Software

Opera Dominates CNET Survey of "Underdog" Web Browsers 173

Posted by timothy
from the html's-great-blessing-is-heterogeneity dept.
An anonymous reader writes "Whether you consider Opera an underdog browser or not, it came out on top in a feature on CNet this weekend. It was up against 'underdog Web browsers' Camino, K-Meleon, Shiira and Arora in a piece loosely aimed at determining whether these browsers are yet ready to steal significant numbers of users from Firefox, Safari, IE etc. Interesting most to me, however, is that it transpires that Shiira, the Mac browser from Japan, is one of the fastest browsers on the planet, beating the original Chrome v1.0, Firefox 3.5 and more in its benchmark tests."
Censorship

Iran Getting Better At Filtering Web Traffic 68

Posted by Soulskill
from the practice-makes-perfect dept.
Al writes "Rob Lemos reports that Iran's national ISPs seem to have recently gained the ability to filter large quantities of web traffic more effectively. Arbor Networks used data gathered from distributed network sensors to monitor the data going to Iran from the global internet. The firm found that all of the country's providers showed an enormous drop in traffic following the contested June 12 election, then nearly normal traffic patterns until June 26. After that, five of six national ISPs showed an 80 percent drop in traffic for approximately three weeks. The one internal ISP that continues to see significant traffic during those three weeks counts many government ministries among its clientèle. The picture painted by the data is of an ISP that is becoming increasingly skilled in filtering, says Craig Labovitz, chief scientist for Arbor Networks."
Biotech

Prehistoric Gene Reawakened To Battle HIV 360

Posted by kdawson
from the learning-from-our-distant-cousins dept.
Linuss points out research published in PLoS Biology that demonstrates the reawakening of latent human cells' ability to manufacture an HIV defense. A group of scientists led by Nitya Venkataraman began with the knowledge that Old World monkeys have a built-in immunity to HIV: a protein that can prevent HIV from entering cell walls and starting an infection. They examined the human genome for any evidence of a latent gene that could manufacture such a protein, and found the capability in a stretch of what has been dismissively termed "junk DNA." "In this work, we reveal that, upon correction of the premature termination codon in theta-defensin pseudogenes, human myeloid cells produce cyclic, antiviral peptides (which we have termed 'retrocyclins'), indicating that the cells retain the intact machinery to make cyclic peptides. Furthermore, we exploited the ability of aminoglycoside antibiotics to read-through the premature termination codon within retrocyclin transcripts to produce functional peptides that are active against HIV-1. Given that the endogenous production of retrocyclins could also be restored in human cervicovaginal tissues, we propose that aminoglycoside-based topical microbicides might be useful in preventing sexual transmission of HIV-1."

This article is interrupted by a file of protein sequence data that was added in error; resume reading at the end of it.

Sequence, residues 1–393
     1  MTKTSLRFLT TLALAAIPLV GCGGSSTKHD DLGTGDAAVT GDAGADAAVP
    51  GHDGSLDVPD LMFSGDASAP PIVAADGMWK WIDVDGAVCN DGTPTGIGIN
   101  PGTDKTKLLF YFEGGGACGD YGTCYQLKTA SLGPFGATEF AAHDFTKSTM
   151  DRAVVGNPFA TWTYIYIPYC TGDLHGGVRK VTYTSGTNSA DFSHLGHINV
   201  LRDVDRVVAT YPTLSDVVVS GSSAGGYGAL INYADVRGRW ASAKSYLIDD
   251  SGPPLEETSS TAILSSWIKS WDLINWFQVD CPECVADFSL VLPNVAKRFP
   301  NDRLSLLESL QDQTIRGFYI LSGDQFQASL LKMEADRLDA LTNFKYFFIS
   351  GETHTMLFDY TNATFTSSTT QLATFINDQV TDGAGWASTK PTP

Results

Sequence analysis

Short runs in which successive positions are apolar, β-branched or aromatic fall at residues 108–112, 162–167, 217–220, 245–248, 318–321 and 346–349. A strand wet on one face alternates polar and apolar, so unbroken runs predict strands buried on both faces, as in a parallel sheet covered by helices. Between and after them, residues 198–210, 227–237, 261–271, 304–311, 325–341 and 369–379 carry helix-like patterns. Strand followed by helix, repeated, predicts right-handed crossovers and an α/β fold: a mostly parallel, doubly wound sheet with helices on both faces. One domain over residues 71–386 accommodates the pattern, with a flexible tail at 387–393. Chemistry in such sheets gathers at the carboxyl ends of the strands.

Social Networks

Twitter Offline Due To DDoS 398

Posted by CmdrTaco
from the hate-when-that-happens dept.
The elusive Precision dropped a submission in my lap about a DDoS taking down Twitter running on CNet. It's been down for several hours, no doubt wreaking havoc on the latest hawtness in social networking. Won't someone please think of the tweeters? Word is that both Facebook & LiveJournal have been having problems this AM as well.
Microsoft

Bing Search Tainted By Pro-Microsoft Results 582

Posted by CmdrTaco
from the first-be-evil dept.
bdcny7927 writes "Just as Bing is gaining popularity, some disturbingly pro-Microsoft and anti-Apple search results are rearing their ugly heads. Case in point: a search on Bing for the phrase, 'Why is Windows so expensive?' returned this as the top link: 'Why are Macs so expensive.' That's right. You're not hallucinating."
GUI

Preview the Office 2007 Ribbon-Like UI Floated For OpenOffice.Org 617

Posted by timothy
from the trial-balloon-target-practice dept.
recoiledsnake writes "OpenOffice.org has prototyped a new UI that radically changes the current OO.o interface into something very similar to the new ribbon style menus that Office 2007 introduced and which have been extensively used throughout Windows 7. The blog shows a screenshot of the prototype in Impress (the equivalent of PowerPoint), but this UI is proposed to be used across all OO.o applications. Some commenters on the Sun blog are not happy about OO.o blindly aping Office 2007, and feel that the ribbon UI may be out of place in non-Windows operating systems."
Communications

Navigating a Geek Marriage? 1146

Posted by kdawson
from the waiting-for-taco-to-weigh-in dept.
JoeLinux writes "I am soon to marry my true love (a girl! yes! they do exist!). She is a literary geek, whereas I am a gaming/Linux geek. Being the RTFM-style geeks that we are, we have been reading up on marriage, making things work, etc. Unfortunately, all of the references seem to be based around an alpha-male jock and a submissive cheerleader-style wife. A lot of the references to incompatibility in the books don't apply to us (neglect due to interest in sports, etc.). What are some of the pitfalls and successes learned in the course of a more geek-oriented marriage?"

If a 6600 used paper tape instead of core memory, it would use up tape at about 30 miles/second. -- Grishman, Assembly Language Programming